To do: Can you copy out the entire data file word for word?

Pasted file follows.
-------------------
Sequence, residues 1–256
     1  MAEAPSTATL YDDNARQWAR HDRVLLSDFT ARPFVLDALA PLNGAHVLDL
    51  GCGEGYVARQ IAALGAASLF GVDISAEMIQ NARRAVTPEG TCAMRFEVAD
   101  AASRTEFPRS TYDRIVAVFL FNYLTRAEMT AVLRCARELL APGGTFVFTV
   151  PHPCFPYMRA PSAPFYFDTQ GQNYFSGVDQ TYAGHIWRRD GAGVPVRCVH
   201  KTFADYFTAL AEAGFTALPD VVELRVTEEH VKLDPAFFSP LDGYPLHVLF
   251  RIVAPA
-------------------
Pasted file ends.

Sequence, residues 1–256
     1  MAEAPSTATL YDDNARQWAR HDRVLLSDFT ARPFVLDALA PLNGAHVLDL
    51  GCGEGYVARQ IAALGAASLF GVDISAEMIQ NARRAVTPEG TCAMRFEVAD
   101  AASRTEFPRS TYDRIVAVFL FNYLTRAEMT AVLRCARELL APGGTFVFTV
   151  PHPCFPYMRA PSAPFYFDTQ GQNYFSGVDQ TYAGHIWRRD GAGVPVRCVH
   201  KTFADYFTAL AEAGFTALPD VVELRVTEEH VKLDPAFFSP LDGYPLHVLF
   251  RIVAPA